Abstract: Nineteenth-Century Fashion Illustration: A Genealogical Approach to the Marketing of Lifestyle

Jillian Taylor Lerner

Abstract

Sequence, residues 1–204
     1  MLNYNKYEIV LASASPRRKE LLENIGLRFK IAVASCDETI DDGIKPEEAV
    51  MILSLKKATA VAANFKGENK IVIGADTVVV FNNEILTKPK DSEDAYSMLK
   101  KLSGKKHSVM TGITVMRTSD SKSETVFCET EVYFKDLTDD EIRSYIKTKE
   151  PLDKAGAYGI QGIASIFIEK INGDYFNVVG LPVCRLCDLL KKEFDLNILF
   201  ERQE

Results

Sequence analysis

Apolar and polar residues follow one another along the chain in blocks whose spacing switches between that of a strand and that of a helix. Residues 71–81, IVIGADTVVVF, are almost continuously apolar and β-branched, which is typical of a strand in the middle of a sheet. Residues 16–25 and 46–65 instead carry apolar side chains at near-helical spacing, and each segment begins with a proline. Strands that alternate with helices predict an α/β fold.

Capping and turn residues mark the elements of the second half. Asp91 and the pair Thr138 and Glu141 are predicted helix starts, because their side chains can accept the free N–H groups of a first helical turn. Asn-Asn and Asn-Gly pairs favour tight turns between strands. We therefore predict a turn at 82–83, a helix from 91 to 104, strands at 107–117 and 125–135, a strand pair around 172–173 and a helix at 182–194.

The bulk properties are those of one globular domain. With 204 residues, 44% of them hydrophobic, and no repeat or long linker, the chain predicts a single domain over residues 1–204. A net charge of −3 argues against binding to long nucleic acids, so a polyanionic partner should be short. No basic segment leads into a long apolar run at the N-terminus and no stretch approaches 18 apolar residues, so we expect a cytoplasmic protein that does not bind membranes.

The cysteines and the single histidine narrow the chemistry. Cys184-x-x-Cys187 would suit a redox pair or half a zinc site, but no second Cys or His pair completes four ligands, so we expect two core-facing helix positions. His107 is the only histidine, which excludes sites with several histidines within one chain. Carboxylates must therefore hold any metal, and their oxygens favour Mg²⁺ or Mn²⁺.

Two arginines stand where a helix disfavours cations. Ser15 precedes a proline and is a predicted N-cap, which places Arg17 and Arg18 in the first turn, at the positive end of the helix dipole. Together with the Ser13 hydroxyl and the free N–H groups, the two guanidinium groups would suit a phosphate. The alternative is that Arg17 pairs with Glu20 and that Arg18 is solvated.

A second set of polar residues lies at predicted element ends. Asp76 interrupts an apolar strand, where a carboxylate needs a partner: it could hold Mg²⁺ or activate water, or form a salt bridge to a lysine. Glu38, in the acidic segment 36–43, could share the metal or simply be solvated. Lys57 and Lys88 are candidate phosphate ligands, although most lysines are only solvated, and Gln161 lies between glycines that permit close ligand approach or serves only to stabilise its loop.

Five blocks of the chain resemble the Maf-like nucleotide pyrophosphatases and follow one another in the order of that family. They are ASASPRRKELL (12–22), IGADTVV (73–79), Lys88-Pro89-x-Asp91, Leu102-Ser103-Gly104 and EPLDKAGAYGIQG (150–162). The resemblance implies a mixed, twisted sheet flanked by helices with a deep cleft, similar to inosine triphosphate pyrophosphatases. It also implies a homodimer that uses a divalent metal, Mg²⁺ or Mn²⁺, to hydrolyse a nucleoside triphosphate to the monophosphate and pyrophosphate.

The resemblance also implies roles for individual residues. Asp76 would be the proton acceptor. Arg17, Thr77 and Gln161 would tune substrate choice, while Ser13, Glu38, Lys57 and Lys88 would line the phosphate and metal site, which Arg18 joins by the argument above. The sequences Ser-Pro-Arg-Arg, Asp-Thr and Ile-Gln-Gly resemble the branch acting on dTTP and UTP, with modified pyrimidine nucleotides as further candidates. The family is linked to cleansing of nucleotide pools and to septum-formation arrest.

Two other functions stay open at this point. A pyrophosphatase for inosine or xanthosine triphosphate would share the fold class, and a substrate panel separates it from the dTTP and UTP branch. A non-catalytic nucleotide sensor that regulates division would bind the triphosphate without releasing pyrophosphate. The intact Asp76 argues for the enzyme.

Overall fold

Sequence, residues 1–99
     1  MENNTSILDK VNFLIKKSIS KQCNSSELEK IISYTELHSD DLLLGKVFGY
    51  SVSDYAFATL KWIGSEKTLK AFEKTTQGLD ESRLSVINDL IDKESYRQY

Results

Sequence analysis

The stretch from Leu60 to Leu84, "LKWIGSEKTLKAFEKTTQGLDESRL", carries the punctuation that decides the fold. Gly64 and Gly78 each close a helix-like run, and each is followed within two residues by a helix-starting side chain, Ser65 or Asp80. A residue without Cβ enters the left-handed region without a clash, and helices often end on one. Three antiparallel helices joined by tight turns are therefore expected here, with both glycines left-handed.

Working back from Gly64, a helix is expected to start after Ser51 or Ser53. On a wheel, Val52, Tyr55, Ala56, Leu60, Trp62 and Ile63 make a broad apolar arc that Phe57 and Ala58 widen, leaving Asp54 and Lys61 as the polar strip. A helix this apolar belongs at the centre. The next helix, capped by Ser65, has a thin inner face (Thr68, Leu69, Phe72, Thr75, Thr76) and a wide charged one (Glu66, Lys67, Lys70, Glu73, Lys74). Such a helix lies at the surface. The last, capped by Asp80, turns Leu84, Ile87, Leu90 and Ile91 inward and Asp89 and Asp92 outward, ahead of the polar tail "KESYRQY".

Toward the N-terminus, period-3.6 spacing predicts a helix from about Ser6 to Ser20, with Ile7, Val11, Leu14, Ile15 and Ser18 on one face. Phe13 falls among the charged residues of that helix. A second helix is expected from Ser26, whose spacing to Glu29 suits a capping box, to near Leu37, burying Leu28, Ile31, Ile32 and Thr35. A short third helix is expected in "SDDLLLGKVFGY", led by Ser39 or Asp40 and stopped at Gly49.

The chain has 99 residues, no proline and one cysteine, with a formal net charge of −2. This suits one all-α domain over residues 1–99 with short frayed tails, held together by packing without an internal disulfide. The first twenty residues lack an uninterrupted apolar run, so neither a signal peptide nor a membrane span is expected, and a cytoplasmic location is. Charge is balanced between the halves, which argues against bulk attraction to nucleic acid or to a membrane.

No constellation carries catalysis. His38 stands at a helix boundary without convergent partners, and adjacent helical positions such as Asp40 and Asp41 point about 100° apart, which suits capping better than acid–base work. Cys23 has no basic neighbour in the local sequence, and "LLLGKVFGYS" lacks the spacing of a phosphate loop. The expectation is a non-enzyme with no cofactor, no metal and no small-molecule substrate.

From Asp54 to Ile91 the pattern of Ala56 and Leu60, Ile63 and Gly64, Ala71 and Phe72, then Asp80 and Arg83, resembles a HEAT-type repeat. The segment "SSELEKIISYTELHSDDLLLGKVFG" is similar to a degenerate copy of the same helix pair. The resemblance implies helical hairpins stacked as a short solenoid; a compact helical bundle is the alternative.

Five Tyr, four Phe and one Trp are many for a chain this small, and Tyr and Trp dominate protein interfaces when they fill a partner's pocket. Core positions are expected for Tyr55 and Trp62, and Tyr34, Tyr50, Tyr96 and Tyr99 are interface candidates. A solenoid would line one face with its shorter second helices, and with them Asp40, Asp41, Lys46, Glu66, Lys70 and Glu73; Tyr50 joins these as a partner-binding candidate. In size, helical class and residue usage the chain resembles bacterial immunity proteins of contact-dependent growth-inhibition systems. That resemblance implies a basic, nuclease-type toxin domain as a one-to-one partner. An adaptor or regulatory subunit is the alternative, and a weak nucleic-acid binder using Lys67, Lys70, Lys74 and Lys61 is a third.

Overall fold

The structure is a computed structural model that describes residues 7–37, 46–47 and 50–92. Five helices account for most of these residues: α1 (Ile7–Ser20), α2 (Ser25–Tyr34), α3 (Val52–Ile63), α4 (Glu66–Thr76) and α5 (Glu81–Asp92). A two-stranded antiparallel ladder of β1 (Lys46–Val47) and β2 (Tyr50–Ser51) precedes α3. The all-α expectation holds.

The creation of new concepts of "lifestyle" marked a pivotal moment in the emergence of modern marketing and consumerism. I trace the origins of these related phenomena in nineteenth-century Paris, focusing on the key role of artists as both agents in the business of fashion and pioneers of new trends and techniques in marketing. This paper touches on three seminal moments in an archaeology of modern lifestyle, all of which transpired around 1830. The first case study is a new type of fashion illustration that announces the origins of a consumerist notion of lifestyle. The second node of analysis is the articulation of an alternative lifestyle in the artistic subculture that was formed around Victor Hugo. Finally, I conclude by discussing a genre of artistic city-guides that manifest an early example of the demographic profiling of lifestyles; these guides' attempts at social typification are equal parts aesthetic, sociological and commercial, but they can be seen to foreshadow techniques of market segmentation that are in use today.